After college, I moved to New York (back when you could still get a one-bedroom for less than $500 a month: AKA, the Stone Age) and formed a sketch comedy group with people I met at Manhattan Punch Line Theater. That’s when the urge to write really hit. We needed new material all the time, so I started writing sketches with another performer in the group. I discovered that saying a line and getting a laugh was addictive, and especially compelling when I’d also written the line.

Q: Where did the character of Lala Pettibone come from—how did she arrive in your head?

H.M.: Lala had such an unexpected arrival. My ideas for stories often come from an observed moment, a snippet of thought, a piece of overheard dialogue. Lala had two distinct phases in her journey to the forefront of my mind. It began with the first dog my husband and I adopted together, a wonderful, 12-year-old Beagle we named Eunice Petunia, because it just fit. Eunice had a lot of nicknames, among them “Baba Ganoush” and “Lala.” I have always believed—to borrow from T.S. Eliot’s words regarding the naming of cats—that a dog should have at least three different names.

Months after Eunice joined our family, the phrase “Lala Pettibone, Journalist to the Stars,” popped into my head out of nowhere. That was the first time Lala’s full name appeared to me—although she didn’t end up being a journalist to the stars.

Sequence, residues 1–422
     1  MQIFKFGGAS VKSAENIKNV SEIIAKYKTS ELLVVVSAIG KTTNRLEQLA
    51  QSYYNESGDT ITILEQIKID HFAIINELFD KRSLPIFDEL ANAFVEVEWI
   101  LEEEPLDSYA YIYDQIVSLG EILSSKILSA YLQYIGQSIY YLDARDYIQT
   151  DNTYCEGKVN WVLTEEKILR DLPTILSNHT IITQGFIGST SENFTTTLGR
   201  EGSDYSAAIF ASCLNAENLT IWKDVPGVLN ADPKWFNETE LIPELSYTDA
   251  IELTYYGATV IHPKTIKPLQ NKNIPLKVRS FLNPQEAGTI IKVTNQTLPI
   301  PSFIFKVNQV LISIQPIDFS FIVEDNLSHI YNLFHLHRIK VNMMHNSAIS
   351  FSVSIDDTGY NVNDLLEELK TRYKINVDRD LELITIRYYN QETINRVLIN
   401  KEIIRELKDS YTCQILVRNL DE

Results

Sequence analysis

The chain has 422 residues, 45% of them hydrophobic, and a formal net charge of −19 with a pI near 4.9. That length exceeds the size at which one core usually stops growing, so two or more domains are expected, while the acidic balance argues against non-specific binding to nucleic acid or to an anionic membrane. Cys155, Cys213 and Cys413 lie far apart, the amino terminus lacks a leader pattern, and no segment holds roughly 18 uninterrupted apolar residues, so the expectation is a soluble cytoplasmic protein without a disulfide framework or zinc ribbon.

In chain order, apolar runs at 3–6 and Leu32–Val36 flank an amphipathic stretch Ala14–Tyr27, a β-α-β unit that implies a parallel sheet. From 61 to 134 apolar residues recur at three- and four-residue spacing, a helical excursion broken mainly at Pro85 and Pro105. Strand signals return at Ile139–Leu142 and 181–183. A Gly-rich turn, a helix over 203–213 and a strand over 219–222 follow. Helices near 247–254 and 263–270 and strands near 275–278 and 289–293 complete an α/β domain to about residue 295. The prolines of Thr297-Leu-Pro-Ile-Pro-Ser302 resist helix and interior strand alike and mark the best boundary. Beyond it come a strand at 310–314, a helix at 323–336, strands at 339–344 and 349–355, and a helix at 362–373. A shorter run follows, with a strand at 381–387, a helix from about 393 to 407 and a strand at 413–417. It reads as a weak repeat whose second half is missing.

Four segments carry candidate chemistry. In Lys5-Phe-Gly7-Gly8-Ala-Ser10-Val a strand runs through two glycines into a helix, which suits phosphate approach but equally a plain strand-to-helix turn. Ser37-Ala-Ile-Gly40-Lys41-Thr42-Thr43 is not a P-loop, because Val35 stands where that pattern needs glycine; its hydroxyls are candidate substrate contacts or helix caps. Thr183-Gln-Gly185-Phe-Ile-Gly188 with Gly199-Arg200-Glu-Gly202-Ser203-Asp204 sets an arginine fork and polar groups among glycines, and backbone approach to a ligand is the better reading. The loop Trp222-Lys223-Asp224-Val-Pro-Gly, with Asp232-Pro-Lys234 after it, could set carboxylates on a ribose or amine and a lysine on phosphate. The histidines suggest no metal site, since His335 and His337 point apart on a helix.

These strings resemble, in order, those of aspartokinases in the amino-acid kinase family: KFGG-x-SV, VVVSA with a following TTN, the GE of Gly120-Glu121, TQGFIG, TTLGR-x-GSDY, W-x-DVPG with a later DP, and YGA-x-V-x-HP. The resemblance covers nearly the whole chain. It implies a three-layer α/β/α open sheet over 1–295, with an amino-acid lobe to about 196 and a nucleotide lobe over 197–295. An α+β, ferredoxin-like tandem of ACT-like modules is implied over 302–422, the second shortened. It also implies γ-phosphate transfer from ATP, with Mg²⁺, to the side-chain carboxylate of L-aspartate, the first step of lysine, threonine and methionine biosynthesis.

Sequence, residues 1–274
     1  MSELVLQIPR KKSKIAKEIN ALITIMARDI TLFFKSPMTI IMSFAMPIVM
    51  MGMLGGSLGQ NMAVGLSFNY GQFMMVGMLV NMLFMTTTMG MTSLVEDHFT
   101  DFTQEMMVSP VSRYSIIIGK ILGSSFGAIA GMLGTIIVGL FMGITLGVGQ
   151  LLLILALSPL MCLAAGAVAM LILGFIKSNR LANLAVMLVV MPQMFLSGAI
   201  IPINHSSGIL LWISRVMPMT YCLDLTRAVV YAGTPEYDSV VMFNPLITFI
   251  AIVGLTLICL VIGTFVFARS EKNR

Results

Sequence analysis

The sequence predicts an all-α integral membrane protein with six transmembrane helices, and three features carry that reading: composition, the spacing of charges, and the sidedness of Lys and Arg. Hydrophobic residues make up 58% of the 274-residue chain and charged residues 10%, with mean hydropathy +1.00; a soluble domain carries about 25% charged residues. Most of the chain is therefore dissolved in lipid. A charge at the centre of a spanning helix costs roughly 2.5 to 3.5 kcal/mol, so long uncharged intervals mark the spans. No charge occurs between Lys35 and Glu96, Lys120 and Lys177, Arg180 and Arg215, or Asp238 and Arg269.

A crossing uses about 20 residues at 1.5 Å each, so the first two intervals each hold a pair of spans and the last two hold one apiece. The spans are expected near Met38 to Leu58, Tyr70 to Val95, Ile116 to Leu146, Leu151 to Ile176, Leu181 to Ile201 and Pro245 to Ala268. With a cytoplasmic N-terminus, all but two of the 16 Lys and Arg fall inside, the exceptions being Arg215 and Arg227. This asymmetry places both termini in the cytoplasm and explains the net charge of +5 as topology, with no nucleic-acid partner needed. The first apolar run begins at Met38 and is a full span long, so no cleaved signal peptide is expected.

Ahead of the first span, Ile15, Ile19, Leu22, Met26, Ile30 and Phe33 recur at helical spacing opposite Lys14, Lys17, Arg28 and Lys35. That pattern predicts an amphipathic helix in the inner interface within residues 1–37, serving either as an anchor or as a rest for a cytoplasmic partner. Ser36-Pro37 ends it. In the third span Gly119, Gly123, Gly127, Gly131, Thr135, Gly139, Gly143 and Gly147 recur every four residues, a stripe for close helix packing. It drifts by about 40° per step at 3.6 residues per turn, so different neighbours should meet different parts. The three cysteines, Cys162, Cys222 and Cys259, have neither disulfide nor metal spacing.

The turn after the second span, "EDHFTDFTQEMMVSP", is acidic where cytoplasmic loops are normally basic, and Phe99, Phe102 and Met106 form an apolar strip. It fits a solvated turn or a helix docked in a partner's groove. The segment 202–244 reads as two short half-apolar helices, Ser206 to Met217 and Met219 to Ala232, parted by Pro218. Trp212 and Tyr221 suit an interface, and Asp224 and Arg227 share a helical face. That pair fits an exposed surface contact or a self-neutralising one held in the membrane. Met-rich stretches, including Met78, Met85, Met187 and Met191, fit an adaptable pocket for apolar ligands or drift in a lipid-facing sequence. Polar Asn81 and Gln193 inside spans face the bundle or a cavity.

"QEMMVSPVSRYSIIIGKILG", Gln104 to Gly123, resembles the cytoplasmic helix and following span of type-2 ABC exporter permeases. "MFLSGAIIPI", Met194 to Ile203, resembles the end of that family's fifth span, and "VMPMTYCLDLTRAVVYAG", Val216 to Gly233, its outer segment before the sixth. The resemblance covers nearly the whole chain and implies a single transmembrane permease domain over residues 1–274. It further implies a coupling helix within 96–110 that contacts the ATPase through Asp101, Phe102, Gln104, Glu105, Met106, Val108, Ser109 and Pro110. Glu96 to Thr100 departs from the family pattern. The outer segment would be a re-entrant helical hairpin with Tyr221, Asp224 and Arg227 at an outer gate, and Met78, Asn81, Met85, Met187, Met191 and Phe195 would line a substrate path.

Lala Pettibone is a lot like me in many respects. We’re both Wesleyan graduates, we were both widowed at a young age and found love again in our Act Two, and we both overuse ellipses in our writing. . . .

Library Access Services Assistant Jasmine Cardi: International Books and Local Clients

Jasmine Cardi, the weekend and evening supervisor for Interlibrary Loans—both for Olin library’s scholars in need of incoming books and outgoing volumes for academic institutions elsewhere—appreciates the institutional standard of service that she and her colleagues are able to provide.  (Photo by Cynthia Rockwell)

In this Q&A, we speak to Jasmine Cardi, who joined the Access Services staff at Wesleyan’s Olin Library on Jan. 7, 2013 (“Five years already!” she says). Now the weekend and evening supervisor, she provides support to the departments of Interlibrary Loan (ILL), Olin Reference, Reserves/E-Reserves, and Olin Circulation. With her arrival, the ILL office was able to lengthen their hours until 10 p.m. some evenings, offering availability for those geared to later study nights in the library.

Q: What do you like best about working for Interlibrary Loan?

A: I love seeing all the books we get from around the world—Italy and Russia, everywhere, depending on what people are studying. When we get one of these volumes from far away, we all think it’s really cool and just have to hold it and open it—before we quickly put it on the shelf for the borrower.

Q: How many people does ILL assist each year?

A: ILL serves hundreds of people, between borrowing from other libraries and lending to them. Last year there were almost 14,000 requests, combined.

Q: Tell us about Olin Library—as building, an institution, a workspace?